Amy Spencer, the author of DIY: The Rise of Lo-Fi Culture, has a new book coming out this fall called The Crafter Culture Handbook. You can read an excerpt from the book via her publisher’s website here. The book synopsis from Amazon UK:
This fun new manual explores the new crafting movement that is sweeping the globe, through a series of creative projects for any wannabe crafter to experiment with designs by the most well-known of the new contemporary craft movement, including the people behind Craftster, Sublime Stitching, Subversive Cross Stitch, MicroRevolt, Bazaar Bizarre, Cast Off, Thready Made, Craftivism, the Renegade Craft Fair, Church of Craft, Made by Milla, among many others. Amy Spencer not only gives practical advice but also examines the politics behind the various crafting trends. Today’s crafters are aware of the impact of their actions, some create as part of a radical form of political protest, others take a stance against sweatshop manufacturing by making their own clothes, some produce as part of a self-sufficency lifestyle, others start knitting groups as a way to meet new friends. Through interviews with those involved, she explores these simple acts and their wide impacts.
Here’s the Red Light District Peekaboo scarf I made for the book. My hand-dyed yarn plus retro photos printed on silk habotai, described thusly:
This scarf provides an opportunity for the wearer to engage viewers in an up-close-and-personal inspection of its contents. The photographs (naughty naked knitter photos from the 1950s) can’t be seen clearly unless the “window” is picked up and held away from the back of the scarf. Like a locket filled with secret treasures, this scarf can be used to hide a photo of your beloved, a poem…anything that can be printed out.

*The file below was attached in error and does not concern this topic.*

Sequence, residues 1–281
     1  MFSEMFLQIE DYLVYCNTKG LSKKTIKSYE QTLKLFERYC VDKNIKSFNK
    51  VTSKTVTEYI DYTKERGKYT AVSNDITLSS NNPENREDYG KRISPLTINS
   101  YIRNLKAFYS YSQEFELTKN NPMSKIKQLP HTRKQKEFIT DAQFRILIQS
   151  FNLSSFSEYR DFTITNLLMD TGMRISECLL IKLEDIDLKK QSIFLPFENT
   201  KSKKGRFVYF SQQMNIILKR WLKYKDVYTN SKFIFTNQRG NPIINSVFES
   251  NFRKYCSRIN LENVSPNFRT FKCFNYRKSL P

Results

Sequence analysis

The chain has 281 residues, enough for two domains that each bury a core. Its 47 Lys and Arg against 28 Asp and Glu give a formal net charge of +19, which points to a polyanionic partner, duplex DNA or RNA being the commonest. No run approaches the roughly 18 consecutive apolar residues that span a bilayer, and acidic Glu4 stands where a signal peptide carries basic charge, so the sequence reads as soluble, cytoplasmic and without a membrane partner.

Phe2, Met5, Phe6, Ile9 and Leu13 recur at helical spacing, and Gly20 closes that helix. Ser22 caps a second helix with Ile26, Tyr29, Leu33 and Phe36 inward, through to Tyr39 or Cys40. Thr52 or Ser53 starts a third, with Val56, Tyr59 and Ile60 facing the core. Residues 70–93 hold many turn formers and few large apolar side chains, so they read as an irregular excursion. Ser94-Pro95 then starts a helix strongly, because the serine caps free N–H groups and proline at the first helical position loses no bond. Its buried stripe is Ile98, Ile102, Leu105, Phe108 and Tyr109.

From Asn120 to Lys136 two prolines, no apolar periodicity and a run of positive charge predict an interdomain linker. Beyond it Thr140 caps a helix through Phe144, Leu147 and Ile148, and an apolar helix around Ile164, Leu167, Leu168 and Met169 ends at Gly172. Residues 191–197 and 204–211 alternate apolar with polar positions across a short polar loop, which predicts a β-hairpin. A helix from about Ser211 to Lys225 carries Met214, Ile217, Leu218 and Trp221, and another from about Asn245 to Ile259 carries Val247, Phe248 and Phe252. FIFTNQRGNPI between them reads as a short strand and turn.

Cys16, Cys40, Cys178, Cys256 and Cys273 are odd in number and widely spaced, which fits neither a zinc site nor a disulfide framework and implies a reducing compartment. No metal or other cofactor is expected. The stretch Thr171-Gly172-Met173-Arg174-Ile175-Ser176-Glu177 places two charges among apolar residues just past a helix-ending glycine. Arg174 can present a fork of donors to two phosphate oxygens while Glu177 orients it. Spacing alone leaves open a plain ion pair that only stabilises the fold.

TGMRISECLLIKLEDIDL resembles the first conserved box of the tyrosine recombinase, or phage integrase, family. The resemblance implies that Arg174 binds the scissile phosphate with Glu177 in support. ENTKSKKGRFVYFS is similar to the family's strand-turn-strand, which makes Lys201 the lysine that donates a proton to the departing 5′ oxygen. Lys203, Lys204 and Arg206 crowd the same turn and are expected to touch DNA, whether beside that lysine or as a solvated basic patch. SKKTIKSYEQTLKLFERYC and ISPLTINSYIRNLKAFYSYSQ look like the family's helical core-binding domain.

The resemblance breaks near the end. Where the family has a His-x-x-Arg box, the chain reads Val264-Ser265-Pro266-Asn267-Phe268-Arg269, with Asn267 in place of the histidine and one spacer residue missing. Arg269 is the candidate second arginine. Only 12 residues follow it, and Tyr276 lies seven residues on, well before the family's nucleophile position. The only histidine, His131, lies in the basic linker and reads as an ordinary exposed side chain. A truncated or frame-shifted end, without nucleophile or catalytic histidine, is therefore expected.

I’m fascinated by the division between public and private space, which is what I was exploring in this piece. Whereas my boyfriend is permitted to walk up and pick a loose thread off my shoulder, a co-worker isn’t. There’s a different quality to personal space, a certain assumed set of permissions.
(Or, shall we say the co-worker shouldn’t — one monkey-groomed loose hairs off my shoulder throughout a training seminar once. I was itching to deck him, but the seminar was depressing enough already).
With this scarf, though, it’s very secret agent-y. You can choose to show people what you’re hiding, or you can keep it to yourself. Your private space, your personal bubble, your thoughts… they remain your own, and only you are able to choose whether that should change. Unlike a certain co-worker who took it upon himself to invade my space.
The original plans for this scarf included electroluminescent wire (which glows like neon) encased along the opening of the window, Amsterdam red light district-style, but I had a tough time figuring out how to include the necessary hardware without weighing down the window too much. More experimentation is required…